17. Turkey has emerged from the Syrian crisis as a world leader
in the area of humanitarian assistance: it has spent 6 billion dollars
US so far in providing assistance to Syrian refugees and the percentage
of its Gross Domestic Product (GDP) spent on humanitarian aid amounts
to 0,21 per cent (against, for example, 0,15 per cent of Luxembourg
and 0,014 of Sweden. In stark contrast, the international contribution
to aid Turkey amounts to around 400 million dollars US.
18. This huge financial and logistical effort is hard to sustain.
Furthermore, it is not sufficient: the Turkish authorities are adamant
about the sometimes dire living conditions experienced by Syrian
refugees who are not staying in the camps, whose number totals 1,502,485
persons, mainly residing in urban areas.
19. Even those refugees who had sufficient financial means to
sustain their livelihoods when they first arrived to Turkey have
started to run out of resources. For them, it is increasingly difficult
to rent private accommodation. Some of them are having to resort
to child labour, child marriage or prostitution as coping mechanisms.
This situation is increasing the risk of social tensions.
As it was pointed out by the local authorities we met, in the areas
with higher refugee population density schools are overcrowded,
with classes taking place also at week-ends in order to provide
for both Turkish and Syrian children; the costs of property rentals
have gone up because of the greater demand; hospitals are under
pressure, with some of them having reported a 30-40% increase in
attention was also drawn to the centrality that the question of
Syrian refugees occupied in political debates in the run up to the
recent parliamentary elections.
As regards legal aspects, Turkey is a party to the 1951 Geneva
Convention on the Status of Refugees but has not ratified its 1967
Protocol which extends the application of the Convention to refugees
seeking asylum from events occurring outside Europe. In April 2014,
however, the new Law on Foreigners and International Protection
came into force, establishing a legal framework for providing protection
and assistance for asylum-seekers and refugees, regardless of their
countries of origin.
Since the beginning of the conflict, Turkey has maintained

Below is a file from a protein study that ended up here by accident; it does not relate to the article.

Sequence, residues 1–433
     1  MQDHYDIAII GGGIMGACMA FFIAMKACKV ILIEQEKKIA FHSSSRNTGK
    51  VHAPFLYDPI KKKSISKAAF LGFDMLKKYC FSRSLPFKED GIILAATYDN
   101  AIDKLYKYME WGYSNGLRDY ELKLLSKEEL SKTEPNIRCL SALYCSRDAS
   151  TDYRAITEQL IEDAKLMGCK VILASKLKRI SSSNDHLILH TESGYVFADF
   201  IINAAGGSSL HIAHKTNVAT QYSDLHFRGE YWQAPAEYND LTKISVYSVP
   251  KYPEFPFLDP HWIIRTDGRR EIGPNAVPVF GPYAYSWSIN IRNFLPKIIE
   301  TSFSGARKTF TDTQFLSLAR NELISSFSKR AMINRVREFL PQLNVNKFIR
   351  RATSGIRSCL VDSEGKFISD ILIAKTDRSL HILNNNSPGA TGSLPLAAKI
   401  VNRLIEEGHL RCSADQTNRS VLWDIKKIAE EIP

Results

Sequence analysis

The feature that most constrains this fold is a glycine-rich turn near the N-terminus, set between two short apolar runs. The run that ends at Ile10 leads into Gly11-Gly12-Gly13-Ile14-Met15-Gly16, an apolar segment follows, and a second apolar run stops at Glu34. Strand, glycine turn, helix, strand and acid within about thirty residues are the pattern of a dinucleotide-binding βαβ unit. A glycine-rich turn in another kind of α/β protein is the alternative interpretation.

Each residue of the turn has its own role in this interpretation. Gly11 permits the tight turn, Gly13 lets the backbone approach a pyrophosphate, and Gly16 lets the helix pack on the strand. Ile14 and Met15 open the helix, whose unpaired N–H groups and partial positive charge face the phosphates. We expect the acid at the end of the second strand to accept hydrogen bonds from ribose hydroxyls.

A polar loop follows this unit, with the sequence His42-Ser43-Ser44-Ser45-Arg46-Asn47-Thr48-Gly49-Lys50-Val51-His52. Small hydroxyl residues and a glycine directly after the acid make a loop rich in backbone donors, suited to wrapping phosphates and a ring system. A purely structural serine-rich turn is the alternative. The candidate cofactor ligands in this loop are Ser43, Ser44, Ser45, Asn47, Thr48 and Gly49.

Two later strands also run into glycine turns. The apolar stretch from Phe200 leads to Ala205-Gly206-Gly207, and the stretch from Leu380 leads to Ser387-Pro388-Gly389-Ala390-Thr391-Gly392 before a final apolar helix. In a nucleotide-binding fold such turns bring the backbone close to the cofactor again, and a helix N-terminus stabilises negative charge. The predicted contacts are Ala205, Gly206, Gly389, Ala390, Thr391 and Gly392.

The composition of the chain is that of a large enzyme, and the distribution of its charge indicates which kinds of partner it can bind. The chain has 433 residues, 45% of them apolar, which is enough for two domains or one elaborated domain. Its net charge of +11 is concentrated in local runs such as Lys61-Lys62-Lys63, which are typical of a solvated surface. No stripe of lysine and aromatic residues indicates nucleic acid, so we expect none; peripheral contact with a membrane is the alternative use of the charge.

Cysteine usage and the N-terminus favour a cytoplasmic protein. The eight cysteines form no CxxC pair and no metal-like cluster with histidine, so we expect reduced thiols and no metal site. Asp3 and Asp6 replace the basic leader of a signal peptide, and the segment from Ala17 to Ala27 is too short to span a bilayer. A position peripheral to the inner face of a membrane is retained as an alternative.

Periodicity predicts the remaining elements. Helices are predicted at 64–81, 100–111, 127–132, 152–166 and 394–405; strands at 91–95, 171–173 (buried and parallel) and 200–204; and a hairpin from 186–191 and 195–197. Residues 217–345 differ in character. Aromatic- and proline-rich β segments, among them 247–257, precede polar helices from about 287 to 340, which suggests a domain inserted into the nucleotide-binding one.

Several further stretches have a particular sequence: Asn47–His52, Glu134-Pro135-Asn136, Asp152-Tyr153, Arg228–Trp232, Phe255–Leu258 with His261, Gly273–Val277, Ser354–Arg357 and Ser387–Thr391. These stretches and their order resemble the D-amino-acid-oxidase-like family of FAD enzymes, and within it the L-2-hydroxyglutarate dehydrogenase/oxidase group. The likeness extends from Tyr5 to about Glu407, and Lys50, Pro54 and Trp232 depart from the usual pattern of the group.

an open-door policy towards refugees fleeing the violence in Syria.
In October 2014, Turkish government formalised the existing temporary
protection regime with the issuance of a Regulation on Temporary
Protection, which is applicable to Syrian nationals, refugees and
stateless persons from Syria. This regulation sets out the legal
framework applying to them, including admission, registration, documentation,
access to rights and co-operation between different agencies and stakeholders.
Beneficiaries of Temporary Protection will have access to
the labour market in some clearly defined sectors once secondary
legislation is passed.
refugees also have access to education and are covered under the
general health insurance system, although barriers exist in accessing
these services, including language as well as the unavailability
of some services due to the large refugee population and the lack
of sufficient resources to meet these needs.
24. The Foreigners Police and the newly created Directorate General
of Migration Management conduct biometric registration of refugees
living inside and outside the camps. Each refugee is issued with
a Foreigners Identification ID number and a family identification
number. Holding the Foreigners ID card enables refugees to have
access to all services.
25. During the visit of the ad hoc committee, the Turkish authorities
repeatedly stressed that access to the territory, registration and
the provision of services are granted to Syrian refugees without
any discrimination, on any grounds. These steps attest to the holistic
approach adopted by the government.
3.2. Co-operation with UNHCR
26. UNHCR is present in Turkey, with a 300-strong staff,
distributed in Ankara (headquarters), Istanbul and Gaziantep.
27. The agency is deeply involved in assisting the authorities
to respond to the crisis. UNHCR staff regularly visit refugee camps
and provides technical assistance on reception, registration, camp
management, community representation, voluntary repatriation, preventing
and responding to sexual and gender-based violence, as well as identifying
persons with special needs, including unaccompanied and separated
children, trauma and torture survivors, and support to strengthen
the response mechanisms.
28. In order to reach out to needy Syrian refugees living in urban
areas and to strengthen protection and assistance responses, UNHCR
has encouraged the establishment of community centres and supported
them in the provision of assistance and services to the non-camp
Syrian refugee population. The range of services delivered by the
centres is cross-cutting in nature and engages protection, non-formal
education, basic needs, health, and livelihoods assistance.
3.3. Investing in the refugees’
29. ‘We do not want to lose
this generation’ was a sentence reiterated on several
occasions by our Turkish interlocutors.
30. The conflict in Syria has entered its fifth year and the end
of the hostilities is not in sight. On the contrary, the conflict
has extended to some areas in Iraq and has become more complex due
to the number of factions fighting one another.
The Turkish authorities have made considerable efforts to
provide education for the Syrian refugee population even if the
results differ considerably, according to whether they are staying
in or outside camps. There are, at the moment, 130,000 non-camp
Syrian refugees in the education system but two thirds of Syrian children
living outside camps are still in need of schooling.
32. The Ministry of National Education of Turkey co-ordinates